Marlborough Lines buys 80pc stake in Yealands Wine Group
Marlborough wine grower Peter Yealands has sold a majority share of his company - Yealands Wine Group - to local electricity supply company, Marlborough Lines.
The lines company paid $89 million for a 80 per cent share of the total shareholding for one of the country's biggest wine companies and exporters.
Yealands said the sale was a "marriage made in heaven".
There were very few wholly locally owned wineries in Marlborough, he said.
"I cannot think of a better majority owner to have than Marlborough Lines."
The entrepreneurial company founder had reduced his majority shareholding from 75 per cent to 15 per cent, with chief executive Jason Judkins holding the remaining 5 per cent.
Minority shareholder Ager Sectus Wine Estates (AWSE) had relinquished its 25 per cent stake in YWG as a result of the sale.
Yealands and Marlborough Lines managing director Ken Forrest jointly announced the sale late Wednesday afternoon.
The sale to Marlborough Lines enabled the company to remain a 100 per cent local business, Yealands said.
"It's been a marvellous day and a long time coming," he said. "A simple way of seeing it is the whole of the Marlborough community now have a shareholding, and will feel part of the ownership."
Months ago Yealands denied the company was for sale, but did not rule out selling parts of the Seddon-based wine company.
He later worked with an advisor to map out the company's future direction, including an initial public offering or selling part of the business.
"Back in December I made a very public announcement that I was looking for an investor to help grow the business ... We pretty much did a global search before we found the investor on our doorstep in Marlborough Lines.
"I couldn't think of anything better."
Yealands said he would remain 100 per cent committed to the company.
"There is no change, I will continue in the same role as founder, and ambassador of the company's wine.
"It's a very large business for a one-man band but I will still do all the things I've always done. But I hope to get out of my office a little more and assist in the winemaking.
"The company is continuing to perform well ahead of forecast with unparalleled demand both domestically and internationally.
"The current vintage is going to be one of the best on record and our 2015 wines our finest yet."
YWG wanted an investor who shared the same beliefs and who would continue to build the business by expanding fruit supply and develop international marketing.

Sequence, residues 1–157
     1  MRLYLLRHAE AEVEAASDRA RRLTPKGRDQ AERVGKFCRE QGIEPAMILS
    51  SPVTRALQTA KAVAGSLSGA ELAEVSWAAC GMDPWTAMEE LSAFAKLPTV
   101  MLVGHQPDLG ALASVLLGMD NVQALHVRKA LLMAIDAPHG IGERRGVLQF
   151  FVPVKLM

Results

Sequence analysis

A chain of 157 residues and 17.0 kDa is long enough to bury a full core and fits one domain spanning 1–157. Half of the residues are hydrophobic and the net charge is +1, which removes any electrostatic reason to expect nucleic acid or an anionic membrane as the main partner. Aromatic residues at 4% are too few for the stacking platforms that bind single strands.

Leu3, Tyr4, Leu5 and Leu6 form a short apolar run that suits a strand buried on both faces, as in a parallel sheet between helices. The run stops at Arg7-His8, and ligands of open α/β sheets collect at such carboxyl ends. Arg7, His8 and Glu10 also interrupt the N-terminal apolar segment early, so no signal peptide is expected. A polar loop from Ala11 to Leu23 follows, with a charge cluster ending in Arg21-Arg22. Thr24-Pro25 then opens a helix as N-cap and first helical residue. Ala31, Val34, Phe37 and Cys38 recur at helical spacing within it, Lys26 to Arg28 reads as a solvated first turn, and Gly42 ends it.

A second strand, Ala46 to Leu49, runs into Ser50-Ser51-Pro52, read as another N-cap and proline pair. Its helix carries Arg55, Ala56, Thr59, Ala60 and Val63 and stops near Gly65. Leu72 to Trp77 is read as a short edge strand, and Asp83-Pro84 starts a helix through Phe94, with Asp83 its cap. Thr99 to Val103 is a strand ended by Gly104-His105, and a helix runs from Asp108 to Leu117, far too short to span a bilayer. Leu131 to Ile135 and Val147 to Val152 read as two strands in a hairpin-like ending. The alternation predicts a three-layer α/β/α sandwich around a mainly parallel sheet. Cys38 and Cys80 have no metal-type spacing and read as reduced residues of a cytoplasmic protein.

Forrest said the acquisition of a local winery had raised eyebrows initially around the boardroom table.
"Opportunities to invest in the electricity industry are limited and this led us looking at other options," he said. "We believe it is a good investment which will provide increased dividends to our customers, as well as social and economic benefits to the region."
Last year Marlborough Lines, owned by Marlborough Electric Power Board Trust, paid out $50 dividend to each of its 24,500 customers.
"We are very pleased to have the opportunity to acquire an 80 per cent interest in Yealands."
Marlborough Lines carried out a comprehensive independent review of the winery, he said.
"We were impressed with their achievements, particularly in light of their relatively short existence, and with their ambitious plans for growth.
"We are satisfied that this will be as successful investment which will broaden our asset base for the benefit of Marlborough.
"We are pleased we are able to demonstrate our confidence in the future of the region's most important industry."
Marlborough Electric Power Trust chair Ross Inder said the investment "fitted" with the aims of the lines company.
"It fits well with our future objectives to make long-term investments which will produce income which can be returned to our customers."
Inder said there had been strong growth in the company's capital position following sales of assets in Otago and Bay of Plenty.
"The company had no debt and now held over $100 million in cash from investments made outside the region."
The investment returns had been brought back to the region to give customers a significant ownership in an industry which sustained the region, he said.
The lines company liked to invest in substantial assets where it had control rather than scatter the investment capital into minority holdings, he said.
Settlement of the change of ownership was imminent and would not affect day-to-day operations.
Yealands Wines Group had more than 1100 hectares of vines planted and employed 130 staff at its two vineyards in Seddon and Hawke's Bay.
In seven seasons since being established it had become one of the world's top producers of sauvignon blanc, and was recognised internationally for sustainability.
It is the sixth biggest wine exporter in New Zealand, with Yealands wine sold in more than 80 countries around the world. YWG has won numerous awards, the most recent being the Marlborough Pinot Noir Trophy at the International Wine Challenge in London for the second consecutive year.
Yealands is known for his entrepreneurial and innovative zeal which has included using miniature sheep to graze between vines, wine bottled in plastic bottles, and a number of eco-friendly practices. The company was formed in 2008 out of a merger with Ager Sectus Wine Estates in Hawke's Bay, producer of The Crossing and Crossroads Wines.
- The Marlborough Express